Comedy in San Francisco: A Laughing Matter


EVERY SUNDAY AT the Punch Line, there is a showcase. “It’s where all of comedy in San Francisco comes together,” says Red Scott, a jovial, rotund comedian of artistic persuasion and disarming demeanor. He’s leaning against a wall outside the green room after the show. Other comics who also performed in the string of five-minute sets wander by, banter, stare into their phones, act like everyone else in San Francisco. That’s the heart of it all: comedy in San Francisco looks much like the rest of San Francisco, which means it doesn’t look much like anywhere else.

The showcase lasted two hours. In those extremely brief comedy sets, a woman sang in Hebrew while wading into the audience, a man talked of bus advertisements aimed at people who didn’t take buses, a former teacher applied algebra to discern the correct markup for purchasing street drugs, a first-generation Indian man demonstrated the absurdity of the Kama Sutra, a woman in her 70s lobbed jokes analogizing sex to shopping.

Clearly, this wasn’t Milwaukee. Granted, San Francisco has changed, and those changes have altered the comedic fodder. It used to be the Grateful Dead and taxis, now it’s gentrification and tech bros. But the type of comedians writing the jokes has remained remarkably varied. The Bay Area prides itself on its inclusiveness and diversity. Which means comics who in other locales may not feel comfortable presenting self-exposing material, or performing in public at all, do so freely here.

Hayley Beacon, with long reddish-brown hair and green eyes, does not look like the typical “funny” person. Then again, that sort of stereotype has been dissolving. You no longer need to be slightly pudgy, wear flannel and have a scraggly beard to fit the part. “There’s a place for that,” Beacon says, sitting in a Greek restaurant off Market Street; “it’s just getting tired.” Her favorite local comic? A black transgender woman.

Indeed, the tropes that long hindered minorities in stand-up — from women to African Americans to South Asians — do not apply in San Francisco. Natasha Muse is another transgender Bay Area comedian of significant acclaim; she talks of absurd things like… being a mom. It’s relatable material from someone you’re not used to relating to.

In another town, someone with an unconventional history may not have the confidence to do something as emotionally naked as telling jokes to strangers. But in San Francisco, people listen. That is both the good and difficult thing about performing here. Everyone will listen, but maybe not with the same ears. Here, one type of humor may not work from one neighborhood to the next or even from one table to the next.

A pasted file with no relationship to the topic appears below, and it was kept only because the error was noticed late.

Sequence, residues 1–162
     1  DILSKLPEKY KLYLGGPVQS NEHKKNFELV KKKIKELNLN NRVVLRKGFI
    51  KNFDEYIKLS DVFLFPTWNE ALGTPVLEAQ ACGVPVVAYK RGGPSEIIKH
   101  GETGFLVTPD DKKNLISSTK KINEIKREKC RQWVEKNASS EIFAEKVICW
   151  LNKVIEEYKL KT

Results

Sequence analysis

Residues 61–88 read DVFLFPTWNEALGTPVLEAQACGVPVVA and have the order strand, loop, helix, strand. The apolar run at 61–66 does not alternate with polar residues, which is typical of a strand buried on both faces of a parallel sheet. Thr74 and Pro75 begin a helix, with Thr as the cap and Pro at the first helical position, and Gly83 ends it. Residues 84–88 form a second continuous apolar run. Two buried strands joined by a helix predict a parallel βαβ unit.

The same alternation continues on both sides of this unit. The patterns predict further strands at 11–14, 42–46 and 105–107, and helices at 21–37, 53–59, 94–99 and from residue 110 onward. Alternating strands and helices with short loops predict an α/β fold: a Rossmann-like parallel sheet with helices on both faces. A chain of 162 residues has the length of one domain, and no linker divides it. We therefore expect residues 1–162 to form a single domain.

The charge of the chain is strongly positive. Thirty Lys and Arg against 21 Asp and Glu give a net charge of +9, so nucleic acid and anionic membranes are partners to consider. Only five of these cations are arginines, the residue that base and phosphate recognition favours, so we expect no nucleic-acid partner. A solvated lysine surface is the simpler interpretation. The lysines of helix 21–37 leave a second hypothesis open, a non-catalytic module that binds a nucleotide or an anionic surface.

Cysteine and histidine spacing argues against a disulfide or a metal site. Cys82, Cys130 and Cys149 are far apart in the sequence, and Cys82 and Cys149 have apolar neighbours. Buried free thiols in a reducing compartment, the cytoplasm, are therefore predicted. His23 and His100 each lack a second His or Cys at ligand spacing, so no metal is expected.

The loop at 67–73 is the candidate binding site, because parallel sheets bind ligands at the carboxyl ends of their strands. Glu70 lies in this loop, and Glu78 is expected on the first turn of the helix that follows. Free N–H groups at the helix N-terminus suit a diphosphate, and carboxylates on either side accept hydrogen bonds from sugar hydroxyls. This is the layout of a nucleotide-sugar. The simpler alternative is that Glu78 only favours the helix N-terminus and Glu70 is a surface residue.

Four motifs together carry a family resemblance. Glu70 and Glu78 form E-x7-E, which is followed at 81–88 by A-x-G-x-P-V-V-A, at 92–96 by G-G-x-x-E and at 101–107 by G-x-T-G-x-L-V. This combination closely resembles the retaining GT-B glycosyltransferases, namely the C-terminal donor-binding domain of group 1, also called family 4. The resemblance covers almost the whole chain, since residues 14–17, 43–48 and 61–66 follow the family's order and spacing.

And that presents a challenge. But it also might explain why San Francisco comedy often seems bulletproof, much like stand-up in demographically diverse comedy meccas like Chicago or Los Angeles or New York.

The Punch Line’s five-minute sets are a format that elsewhere might typically attract amateurs. But no one in this showcase has uncalibrated material. No shaky deliveries, no flat jokes. These comics from radically different backgrounds perform with such skill, you end up relating to gags you would not expect to “get.”

But you do relate; the comedians have made sure of it. They need to make you laugh, and to do that, without denying who they are, they must form a bond with you. Which requires tying in parts of their lives with yours. With each successful joke, Beacon says, “you’re connecting with people you don’t even know, by only being yourself.”



Cobb’s Comedy Club

One of the two main clubs in San Francisco. The most well-known comedians perform at this North Beach club. Shows Thursday– Sunday.

The Punch Line

The other main club in San Francisco. It attracts some of the biggest names to its Financial District venue. Shows Thursday–Sunday.

The Setup

Slightly dicey area but gorgeous space in the back of Ales Unlimited in the Tenderloin. Real brick wall. Tons of outof- town talent. Run by Richard Sarvate and Abhay Nadkarni. Shows Thursday–Saturday.

Cheaper Than Therapy

A black box theater with no microphone located near Union Square. Unique and intimate space. Run by Jon Allen, Eloisa Bravo and Scott Simpson. Shows Thursday–Sunday.

Nightlife on Mars

Seats 40 in a small back room at Murphy’s Pub in the Financial District. Great lineups with fewer comedians, which allows longer sets. Run by Red Scott, Natasha Muse and Joseph Nguyen. Shows on Saturday night.